Skip to Main Content
Erin Reynolds

Fellow – Erin Reynolds

Mentor – Katrin Hinrichs

Project – Verification of CatSper Protein in Equine Sperm

Objective - In vitro fertilization (IVF) is not currently effective in horses. The failure of IVF is thought to be related to inability of the sperm to gain hyperactivated motility. In other species, the CatSper channel is responsible for the calcium influx that triggers sperm hyperactivation. This study was conducted to verify the presence of the CatSper channel in equine sperm.

Animals or Sample Population – Semen was collected from a healthy, fertile stallion.

Procedure – Two separate experiments were performed. In Experiment 1, immunocytochemistry was performed using a rabbit polyclonal antibody against human CatSper1 (Antibody A). Because no blocking antigen was available for Antibody A, immunocytochemistry was attempted with a second antibody raised against a smaller human CatSper1 segment (Antibody B), as well as with two antibodies against human CatSper2. In Experiment 2, an immunoprecipitation was performed using Antibody A conjugated to Dynabeads® followed by one-dimensional gel electrophoresis. Mass spectrometry was performed on the bands.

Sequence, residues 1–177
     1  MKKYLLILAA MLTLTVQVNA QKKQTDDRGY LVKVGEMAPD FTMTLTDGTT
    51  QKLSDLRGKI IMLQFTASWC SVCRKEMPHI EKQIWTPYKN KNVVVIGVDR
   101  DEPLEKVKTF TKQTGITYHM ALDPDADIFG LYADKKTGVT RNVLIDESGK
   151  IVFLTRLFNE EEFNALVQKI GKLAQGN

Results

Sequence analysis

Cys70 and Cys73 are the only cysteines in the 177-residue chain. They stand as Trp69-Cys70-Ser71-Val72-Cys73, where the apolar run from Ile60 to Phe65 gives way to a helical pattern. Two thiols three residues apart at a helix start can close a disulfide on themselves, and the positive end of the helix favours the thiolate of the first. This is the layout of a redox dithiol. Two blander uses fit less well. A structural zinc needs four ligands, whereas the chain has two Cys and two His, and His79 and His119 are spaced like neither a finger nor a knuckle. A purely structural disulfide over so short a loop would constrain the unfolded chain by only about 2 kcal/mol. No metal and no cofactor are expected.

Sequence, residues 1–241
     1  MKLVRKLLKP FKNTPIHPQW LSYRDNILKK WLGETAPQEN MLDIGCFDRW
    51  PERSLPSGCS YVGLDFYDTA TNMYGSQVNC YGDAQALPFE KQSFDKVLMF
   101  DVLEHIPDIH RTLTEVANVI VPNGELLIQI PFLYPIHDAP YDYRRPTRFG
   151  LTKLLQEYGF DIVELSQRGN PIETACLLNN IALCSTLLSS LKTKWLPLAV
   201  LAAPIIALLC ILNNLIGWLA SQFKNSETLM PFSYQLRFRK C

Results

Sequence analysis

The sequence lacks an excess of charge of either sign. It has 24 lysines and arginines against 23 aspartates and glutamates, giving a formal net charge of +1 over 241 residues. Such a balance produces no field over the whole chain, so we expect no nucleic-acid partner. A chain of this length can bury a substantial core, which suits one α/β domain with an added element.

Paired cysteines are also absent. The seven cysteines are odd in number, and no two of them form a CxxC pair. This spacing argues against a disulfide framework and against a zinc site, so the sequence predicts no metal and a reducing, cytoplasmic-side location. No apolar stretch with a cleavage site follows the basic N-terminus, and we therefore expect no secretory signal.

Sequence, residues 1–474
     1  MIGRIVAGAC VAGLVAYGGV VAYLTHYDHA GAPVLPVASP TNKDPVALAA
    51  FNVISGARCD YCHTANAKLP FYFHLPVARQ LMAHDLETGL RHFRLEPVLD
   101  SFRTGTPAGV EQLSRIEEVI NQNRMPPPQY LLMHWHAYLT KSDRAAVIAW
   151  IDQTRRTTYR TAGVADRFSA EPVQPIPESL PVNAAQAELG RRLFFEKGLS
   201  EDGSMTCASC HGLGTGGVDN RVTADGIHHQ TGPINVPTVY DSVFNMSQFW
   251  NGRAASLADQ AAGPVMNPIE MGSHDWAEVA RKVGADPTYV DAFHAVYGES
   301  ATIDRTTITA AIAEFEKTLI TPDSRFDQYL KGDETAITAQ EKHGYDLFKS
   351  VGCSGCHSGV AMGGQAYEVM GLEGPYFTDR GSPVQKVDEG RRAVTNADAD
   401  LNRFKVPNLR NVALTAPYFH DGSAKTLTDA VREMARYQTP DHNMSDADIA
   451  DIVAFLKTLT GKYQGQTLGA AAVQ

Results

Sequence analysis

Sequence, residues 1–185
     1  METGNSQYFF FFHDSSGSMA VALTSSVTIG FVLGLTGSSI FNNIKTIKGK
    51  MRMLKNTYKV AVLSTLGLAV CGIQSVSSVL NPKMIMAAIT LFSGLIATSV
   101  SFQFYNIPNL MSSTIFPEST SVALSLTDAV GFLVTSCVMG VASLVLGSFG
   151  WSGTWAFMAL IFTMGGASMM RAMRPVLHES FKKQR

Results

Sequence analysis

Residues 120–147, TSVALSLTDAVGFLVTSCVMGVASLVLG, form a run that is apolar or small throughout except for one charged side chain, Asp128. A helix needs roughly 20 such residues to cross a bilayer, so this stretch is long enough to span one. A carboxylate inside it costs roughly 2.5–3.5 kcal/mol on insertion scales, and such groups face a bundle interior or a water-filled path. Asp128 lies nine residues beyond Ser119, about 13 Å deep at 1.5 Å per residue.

Results – Seven replicates of the immunofluorescent staining were performed. All trials with Antibody A demonstrated clear staining of the principal piece of the sperm. Absence of the primary antibody resulted in no visible staining. Neither Antibody B nor the two antibodies against CatSper2 stained the horse sperm. Two of the immunoprecipitation gel blots showed distinct bands, both at about 60,000 kDa.

Conclusion and Clinical Relevance – Identification of the CatSper1 protein verifies the presence of the CatSper channel in equine sperm. This channel requires further study to explain the lack of hyperactivation during in vitro fertilization.